MG is looking to revolutionise the car market by launching what it says is the first “truly affordable, family-friendly electric car”.
A bold claim, but one that could find favour in the fleet market.
The new model is based on the ZS that launched last year, although MG says the platform was designed for electrification from day one.
It means there is no loss of practicality or boot space as a result of the 44.5kWh battery pack being installed in the car’s floor.
The problem with the original ZS is that its 1.5-litre petrol engine has emissions of 140g/km, making it unsuitable for most fleets.
With the launch of the ZS EV coinciding with the Government’s announcement that electric cars will attract no benefit-in-kind tax in 2020, MG’s timing was fairly apt.
Pricing starts at £28,495 (OTR), but reduces to £24,995 with the Government grant.
MG is offering a further £3,500 discount on the first 2,000 ZS EVs sold, but only to retail customers.
By comparison, a Nissan Leaf – which, MG says, is the closest rival – costs £26,635 with the grant.
The ZS EV looks identical to a regular ZS, so drivers looking to keep their environmental credentials under-the-radar may be attracted to the small SUV.
It’s a sharp-looking car that could be mistaken for a Mazda CX-5 from certain angles.
MG has integrated the charging point into the front grille, which, it says, adds convenience for those charging at home. In our experience, we’d prefer the charging point at the rear to enable reverse parking.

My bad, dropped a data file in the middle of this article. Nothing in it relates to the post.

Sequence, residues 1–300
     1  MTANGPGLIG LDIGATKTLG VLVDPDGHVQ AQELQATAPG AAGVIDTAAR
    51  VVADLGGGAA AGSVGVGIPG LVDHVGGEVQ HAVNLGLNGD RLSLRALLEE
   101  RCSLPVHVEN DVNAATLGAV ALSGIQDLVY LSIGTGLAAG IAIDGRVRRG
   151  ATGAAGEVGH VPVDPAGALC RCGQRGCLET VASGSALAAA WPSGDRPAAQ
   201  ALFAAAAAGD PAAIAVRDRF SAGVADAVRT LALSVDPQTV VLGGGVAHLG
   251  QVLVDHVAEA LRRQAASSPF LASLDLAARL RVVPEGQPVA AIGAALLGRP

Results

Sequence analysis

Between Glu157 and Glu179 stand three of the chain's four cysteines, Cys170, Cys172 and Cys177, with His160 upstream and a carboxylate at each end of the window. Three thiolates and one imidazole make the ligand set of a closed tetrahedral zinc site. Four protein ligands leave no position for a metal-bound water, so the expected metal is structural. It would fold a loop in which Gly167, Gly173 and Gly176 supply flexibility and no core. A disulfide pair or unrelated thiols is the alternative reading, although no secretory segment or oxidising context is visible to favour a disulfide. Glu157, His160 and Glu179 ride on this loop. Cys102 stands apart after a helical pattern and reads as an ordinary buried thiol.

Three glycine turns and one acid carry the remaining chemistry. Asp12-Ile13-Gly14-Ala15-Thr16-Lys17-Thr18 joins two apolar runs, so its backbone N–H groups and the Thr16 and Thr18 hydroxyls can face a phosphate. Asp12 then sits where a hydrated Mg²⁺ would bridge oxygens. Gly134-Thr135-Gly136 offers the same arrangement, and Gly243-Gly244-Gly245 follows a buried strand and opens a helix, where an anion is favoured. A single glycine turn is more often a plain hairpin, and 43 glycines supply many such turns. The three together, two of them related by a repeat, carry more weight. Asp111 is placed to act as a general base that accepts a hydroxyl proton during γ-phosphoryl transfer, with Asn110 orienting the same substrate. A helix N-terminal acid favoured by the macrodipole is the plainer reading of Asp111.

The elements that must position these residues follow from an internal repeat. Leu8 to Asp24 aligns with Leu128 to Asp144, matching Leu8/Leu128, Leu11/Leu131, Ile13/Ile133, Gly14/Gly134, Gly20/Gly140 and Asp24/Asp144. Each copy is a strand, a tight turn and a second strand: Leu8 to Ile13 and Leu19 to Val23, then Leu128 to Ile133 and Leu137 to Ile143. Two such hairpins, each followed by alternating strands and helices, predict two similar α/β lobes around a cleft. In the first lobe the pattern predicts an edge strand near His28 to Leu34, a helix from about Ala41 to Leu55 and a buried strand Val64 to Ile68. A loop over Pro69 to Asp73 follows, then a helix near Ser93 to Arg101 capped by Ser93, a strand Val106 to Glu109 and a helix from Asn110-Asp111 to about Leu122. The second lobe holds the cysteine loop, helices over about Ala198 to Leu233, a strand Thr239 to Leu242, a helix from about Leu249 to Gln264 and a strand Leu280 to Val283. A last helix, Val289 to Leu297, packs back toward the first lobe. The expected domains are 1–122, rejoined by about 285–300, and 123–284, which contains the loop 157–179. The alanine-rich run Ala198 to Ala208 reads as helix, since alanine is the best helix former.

The battery provides a range of 163 miles (WLTP), which is competitive for a vehicle in this price bracket. It’s nowhere near that of the Kia e-Niro or Hyundai Kona, but the ZS is much cheaper and, more importantly, available in the UK without crazy lead times. In China, MG owners SAIC has opened a new battery factory capable of producing 300,000 units per year.
MG Motor UK wouldn’t give specific figures but stated that it has “no supply issues” with the new electric model.
The electric motor develops 143PS and 353Nm, providing a decent surge of power with seamless delivery.
Our test route was confined to London, so we’ll need to get behind the wheel for longer before we can give a definitive review of the ZS EV’s on-road manners.
Given its close ties to the regular ZS, and weight penalty, the car feels slightly firmer than its conventionally-fuelled brother and provides less crisp handling.
The car is compatible with 50kW rapid chargers and can add 80% capacity in 40 minutes. The battery is also water-cooled, which should maintain performance in varied climates and allow for frequent rapid charges.
Specification levels are high, with base Excite and Exclusive (£2,000 extra) available. Neither offers the highest levels of quality, but at this price point that is expected.